( Instead of having the code inside ifs i am calling another method to do so ) thats what i did and i think Apply top-down design and stepwise-refinement is.
 
Campbell Ritchie
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Please post the code here (with short lines and indentation) rather than the pastebin link. Since some people are reluctant to click such links, I have deleted it.
I am afraid I haven't found good definitions of top down an bottom up design by searching.
 
Knute Snortum
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Has someone told you that the do/while loops are bad? I think they are fine.

Much more important is to get code out of the main() method and into some kind of driver method. Notice that you have everything static. This is a sign that you need to move your code.
 
Campbell Ritchie
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It says so in our old JavaRanch style guide. I should have said I don't believe do loops are bad when I directed OP's attention to it. The style guide does however say it is hard to undertand because it is not obvious where it starts and ends, so an // end comment might be worthwhile.
 
Junilu Lacar
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Campbell Ritchie wrote:It says so in our old JavaRanch style guide. I should have said I don't believe do loops are bad when I directed OP's attention to it. The style guide does however say it is hard to undertand because it is not obvious where it starts and ends, so an // end comment might be worthwhile.

I don't know, if it's not obvious where a do-while loop starts and ends, then one or more of the following are probably true:
1. Indentation needs to be fixed to make it obvious
2. There's too much code around the loop -- extract it to its own method
3. There's too much code inside the loop -- extract / compose

I think if you do the above, you can pretty much invalidate any superfluous "// end do" comment
 
Campbell Ritchie
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Junilu Lacar wrote:[. . . Technically, they are allowed. By convention they are only used in constant names. I don't think I've ever seen package names that use underscores.
I should have said convention doesn't allow underscores, shouldn't I? The Java Tutorials say you should add underscores to package names when your website might start with a number or look like a keyword. So a 7-zip package would be named
com._7_zip.mypackage
and one from short.com would start
com.short_.something.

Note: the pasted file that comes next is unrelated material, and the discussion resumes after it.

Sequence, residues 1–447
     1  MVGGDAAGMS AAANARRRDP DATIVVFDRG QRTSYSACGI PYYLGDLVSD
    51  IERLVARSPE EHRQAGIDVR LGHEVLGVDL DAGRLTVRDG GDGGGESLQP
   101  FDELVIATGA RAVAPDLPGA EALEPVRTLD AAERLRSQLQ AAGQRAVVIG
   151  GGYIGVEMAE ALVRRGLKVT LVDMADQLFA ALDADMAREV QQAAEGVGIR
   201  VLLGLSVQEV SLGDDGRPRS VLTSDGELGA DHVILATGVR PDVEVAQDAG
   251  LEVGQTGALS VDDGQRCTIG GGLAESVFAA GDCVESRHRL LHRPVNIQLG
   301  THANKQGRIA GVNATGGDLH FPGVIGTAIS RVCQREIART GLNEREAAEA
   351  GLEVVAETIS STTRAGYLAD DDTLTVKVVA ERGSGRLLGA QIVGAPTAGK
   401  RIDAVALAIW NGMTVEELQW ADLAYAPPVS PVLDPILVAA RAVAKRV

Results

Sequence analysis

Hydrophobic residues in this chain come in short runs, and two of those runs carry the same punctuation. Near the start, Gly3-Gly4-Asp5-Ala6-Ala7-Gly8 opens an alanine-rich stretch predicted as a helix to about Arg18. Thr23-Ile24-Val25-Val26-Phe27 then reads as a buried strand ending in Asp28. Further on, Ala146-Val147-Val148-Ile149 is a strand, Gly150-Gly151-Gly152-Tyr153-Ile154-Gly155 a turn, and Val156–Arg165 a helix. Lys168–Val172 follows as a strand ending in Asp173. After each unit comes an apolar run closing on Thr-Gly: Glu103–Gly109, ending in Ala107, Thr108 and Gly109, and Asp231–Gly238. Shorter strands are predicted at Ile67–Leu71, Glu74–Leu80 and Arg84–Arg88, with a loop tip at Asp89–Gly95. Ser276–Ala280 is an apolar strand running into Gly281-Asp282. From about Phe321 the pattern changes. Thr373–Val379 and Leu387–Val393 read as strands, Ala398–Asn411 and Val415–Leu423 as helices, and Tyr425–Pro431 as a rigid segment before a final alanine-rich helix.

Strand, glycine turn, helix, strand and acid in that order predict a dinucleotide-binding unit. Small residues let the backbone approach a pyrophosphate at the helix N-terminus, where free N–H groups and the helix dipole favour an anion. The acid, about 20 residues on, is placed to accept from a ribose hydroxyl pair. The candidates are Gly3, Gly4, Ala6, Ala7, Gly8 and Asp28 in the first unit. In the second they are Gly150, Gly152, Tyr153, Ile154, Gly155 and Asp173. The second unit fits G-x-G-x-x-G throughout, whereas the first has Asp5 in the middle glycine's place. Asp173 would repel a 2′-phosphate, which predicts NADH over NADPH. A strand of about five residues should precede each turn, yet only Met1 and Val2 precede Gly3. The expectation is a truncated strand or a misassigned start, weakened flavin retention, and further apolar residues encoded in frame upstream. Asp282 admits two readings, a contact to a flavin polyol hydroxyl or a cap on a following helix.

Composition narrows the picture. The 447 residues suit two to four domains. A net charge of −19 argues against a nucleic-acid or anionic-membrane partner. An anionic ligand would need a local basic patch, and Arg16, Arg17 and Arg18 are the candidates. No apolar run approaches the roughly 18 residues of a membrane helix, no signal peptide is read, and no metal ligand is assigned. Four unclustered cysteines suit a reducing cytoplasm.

And let's not start discriminating against Trolls now. . . .
I was more worried that we were discriminating against Rolls.
 
Campbell Ritchie
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Junilu Lacar wrote:[. . . I think if you do the above, you can pretty much invalidate any superfluous "// end do" comment
I did say “might”. Making the structure of the code obvious is far better.

And I have never actually believed that you should avoid do loops.
 
Angelos Naoumis
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Can someone delete my last post (the one with full code)? (I cannot edit) Some class mates told me that i may lose credits if the machine we use to upload copyright it with your site.(Even if thats my code i uploaded here = someone else's work)
 
Campbell Ritchie
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You should check that sort of thing with your teacher rather than classmates. If there is any problem about plagiarism, the fact that you can show your code with your name is your defence.
If you are prohibited from discussing large parts of assessed code on this sort of website, your teacher ought to have told you already.
 
Angelos Naoumis
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Campbell Ritchie , may you please remove my code
I talked to my teacher and told me to do so in order to stop the program from finding plagiarism (in order to avoid extra troubles). I don't know yet what the troubles may i be in but i must somehow remove the code from the next (thats what she told me)

PS: I may have higher troubles if i don't remove the code posted
 
Campbell Ritchie
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Copying your own code from the same assessment does not constitute plagiarism, but if you have rules against posting your complete solution I shall remove it.